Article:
Gordon Brown in focus

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This is Gordon Brown's big week - he's finally a Labour prime minister addressing a Labour party conference.

I'll leave aside for a minute the fact that he's destroying the last vestige of democracy inside the Labour Party this week and instead highlight two comments form the Observer today which show the mountain he has to climb if he is to live up to the expectation of those of us who think it is a Labour prime minister's job to effect social change for ordinary people, here and abroad.

Take Ruth Sutherland first:

The Prime Minister and his acolytes have been cheerleaders for the low-tax, high-risk, bonus-heavy City culture that has proved such a fertile breeding ground for this disaster. In their zeal to promote financial services as the saviour of a UK economy stripped of manufacturing, Brown and his followers have been far too uncritical of the buccaneers. Ordinary people in overborrowed Britain, in hock to a fragile housing market, will reap the consequences of the Brownian boom.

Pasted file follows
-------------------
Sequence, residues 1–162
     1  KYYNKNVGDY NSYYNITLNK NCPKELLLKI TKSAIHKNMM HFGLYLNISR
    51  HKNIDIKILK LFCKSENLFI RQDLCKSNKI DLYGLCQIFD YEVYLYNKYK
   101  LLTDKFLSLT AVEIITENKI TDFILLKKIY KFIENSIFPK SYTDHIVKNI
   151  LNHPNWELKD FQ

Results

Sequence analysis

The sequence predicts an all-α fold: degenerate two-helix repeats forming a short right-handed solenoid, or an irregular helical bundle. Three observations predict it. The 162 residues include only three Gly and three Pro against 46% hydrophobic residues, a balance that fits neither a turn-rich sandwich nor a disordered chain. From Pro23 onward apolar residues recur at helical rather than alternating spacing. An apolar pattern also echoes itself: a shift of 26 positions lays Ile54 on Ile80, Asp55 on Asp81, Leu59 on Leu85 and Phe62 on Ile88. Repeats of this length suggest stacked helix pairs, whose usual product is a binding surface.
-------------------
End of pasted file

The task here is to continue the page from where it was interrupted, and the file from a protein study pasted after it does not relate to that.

Then Nick Mathiason:

Campaign groups are pleased that Brown is passionate about poverty eradication. But they are wary of being manipulated in what could be an election year. Others are keen to bring issues such as tax justice into the development debate but the government has shown little signs of acknowledging these.

Brown's got a long way to go to acknowledge the link he must recognise between these two comments.

But will he? Is he destined for greatness, or not? I'd be bold enough to say that if he could address these two issues and change his policy to suit he could be.

But I'm not holding my breath.